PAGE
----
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Things gets underway at 1 p.m. Friday in Atlanta, and naturally there’s online bidding, complete with live audio and video streaming, to be found here:


“The findings are alarming. As FBI surveillance tapes have previously shown, foreign governments understand and are eager to exploit the weaknesses of American campaigns. This, combined with the Internet’s ability to disintermediate campaign contributions on a mass scale, as well as outmoded and lax Federal Election Commission rules, make U.S. elections vulnerable to foreign influence,” says “America the Vulnerable,” a hefty new study from the Government Accountability Institute.

It reveals that almost half of all congressional websites don’t require anti-fraud security numbers for credit card use that are standard at most e-commerce websites.

The study also points out that while is an official site of President Obama’s re-election campaign, was purchased by someone in Shanghai, China, “whose business is heavily dependent on relationships with Chinese state-run television and other state-owned entities.”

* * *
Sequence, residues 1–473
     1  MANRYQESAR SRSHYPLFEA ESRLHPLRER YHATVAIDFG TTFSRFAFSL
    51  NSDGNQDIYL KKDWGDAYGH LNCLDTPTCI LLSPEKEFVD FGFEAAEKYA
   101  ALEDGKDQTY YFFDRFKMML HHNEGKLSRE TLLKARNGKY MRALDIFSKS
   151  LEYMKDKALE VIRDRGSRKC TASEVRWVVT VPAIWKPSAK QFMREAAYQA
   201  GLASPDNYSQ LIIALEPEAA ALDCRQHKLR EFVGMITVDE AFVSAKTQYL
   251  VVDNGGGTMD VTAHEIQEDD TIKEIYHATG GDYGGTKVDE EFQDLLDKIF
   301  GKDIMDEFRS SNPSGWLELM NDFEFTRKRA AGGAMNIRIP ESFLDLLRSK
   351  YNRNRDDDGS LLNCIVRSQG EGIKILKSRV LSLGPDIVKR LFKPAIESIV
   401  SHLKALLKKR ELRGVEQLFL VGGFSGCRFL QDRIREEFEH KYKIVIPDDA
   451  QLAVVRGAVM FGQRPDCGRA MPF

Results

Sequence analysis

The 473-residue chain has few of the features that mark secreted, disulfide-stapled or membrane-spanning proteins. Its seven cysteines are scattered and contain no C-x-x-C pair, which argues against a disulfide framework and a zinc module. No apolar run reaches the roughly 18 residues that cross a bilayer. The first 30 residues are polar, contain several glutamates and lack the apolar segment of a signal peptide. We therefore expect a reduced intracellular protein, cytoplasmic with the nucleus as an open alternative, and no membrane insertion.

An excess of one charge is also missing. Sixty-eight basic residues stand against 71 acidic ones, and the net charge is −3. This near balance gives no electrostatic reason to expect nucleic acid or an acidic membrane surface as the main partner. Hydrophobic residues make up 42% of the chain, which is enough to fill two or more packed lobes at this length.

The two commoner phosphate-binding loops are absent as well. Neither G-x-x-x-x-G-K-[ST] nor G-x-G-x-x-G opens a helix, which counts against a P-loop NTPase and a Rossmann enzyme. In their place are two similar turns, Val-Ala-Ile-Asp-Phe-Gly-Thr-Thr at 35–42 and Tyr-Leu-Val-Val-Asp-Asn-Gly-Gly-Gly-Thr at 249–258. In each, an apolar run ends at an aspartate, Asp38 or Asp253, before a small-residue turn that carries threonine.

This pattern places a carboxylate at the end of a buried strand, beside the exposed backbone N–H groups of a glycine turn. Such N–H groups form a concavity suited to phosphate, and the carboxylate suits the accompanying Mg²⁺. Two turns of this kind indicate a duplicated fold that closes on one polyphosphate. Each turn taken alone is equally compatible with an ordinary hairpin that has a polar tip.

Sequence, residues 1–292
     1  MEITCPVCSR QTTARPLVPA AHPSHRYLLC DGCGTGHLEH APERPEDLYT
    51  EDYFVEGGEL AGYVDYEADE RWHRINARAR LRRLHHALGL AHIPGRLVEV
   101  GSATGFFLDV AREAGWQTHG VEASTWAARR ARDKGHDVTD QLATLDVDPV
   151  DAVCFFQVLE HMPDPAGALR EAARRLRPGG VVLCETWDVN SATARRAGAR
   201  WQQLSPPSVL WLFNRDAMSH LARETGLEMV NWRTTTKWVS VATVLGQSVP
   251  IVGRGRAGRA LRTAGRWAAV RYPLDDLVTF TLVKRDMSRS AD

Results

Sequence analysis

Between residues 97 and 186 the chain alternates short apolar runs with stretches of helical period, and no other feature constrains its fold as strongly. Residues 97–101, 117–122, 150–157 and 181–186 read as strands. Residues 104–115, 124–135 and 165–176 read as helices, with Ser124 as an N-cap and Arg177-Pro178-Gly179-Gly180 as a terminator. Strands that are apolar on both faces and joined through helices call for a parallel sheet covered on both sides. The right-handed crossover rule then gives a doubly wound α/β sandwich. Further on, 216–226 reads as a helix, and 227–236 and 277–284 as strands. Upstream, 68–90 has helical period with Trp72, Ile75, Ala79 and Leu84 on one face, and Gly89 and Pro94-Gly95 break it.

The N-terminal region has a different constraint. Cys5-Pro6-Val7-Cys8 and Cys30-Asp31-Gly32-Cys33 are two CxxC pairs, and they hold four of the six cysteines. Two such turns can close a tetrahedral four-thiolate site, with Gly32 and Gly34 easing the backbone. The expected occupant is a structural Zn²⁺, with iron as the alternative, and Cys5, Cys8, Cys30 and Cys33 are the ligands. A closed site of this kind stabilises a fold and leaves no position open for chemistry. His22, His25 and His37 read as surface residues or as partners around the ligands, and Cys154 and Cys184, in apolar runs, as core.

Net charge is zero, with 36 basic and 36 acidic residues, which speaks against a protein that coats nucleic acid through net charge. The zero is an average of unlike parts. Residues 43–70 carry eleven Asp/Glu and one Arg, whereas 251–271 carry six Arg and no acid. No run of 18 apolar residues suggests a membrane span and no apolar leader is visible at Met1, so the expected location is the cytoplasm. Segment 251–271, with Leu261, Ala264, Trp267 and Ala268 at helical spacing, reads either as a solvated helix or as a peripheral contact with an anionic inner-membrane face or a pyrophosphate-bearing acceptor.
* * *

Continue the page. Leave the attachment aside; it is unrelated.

The researchers conclude that “campaign fundraising crimes are now just a click away.”

“We are urging all congressional offices and President Obama to turn on anti-fraud credit card protections immediately.” says Peter Schweizer, director of the Florida-based watchdog group. Download the 109-page report and track lawmakers with “vulnerable” websites here:


• 72 percent of Americans who watched the first presidential debate said Mitt Romney did “the better job.”

• 20 percent said President Obama did the better job.

• 69 percent of all U.S. voters watched some or most of the debate.

• 64 percent said the debate was “mostly informative.”

• 83 percent of Republicans, 47 percent of Democrats and 61 percent of independents agree.

• 26 percent voters overall said the debate was “mostly confusing.”

• 11 percent of Republicans, 41 percent of Democrats and 29 percent of independents agree.

Story Continues →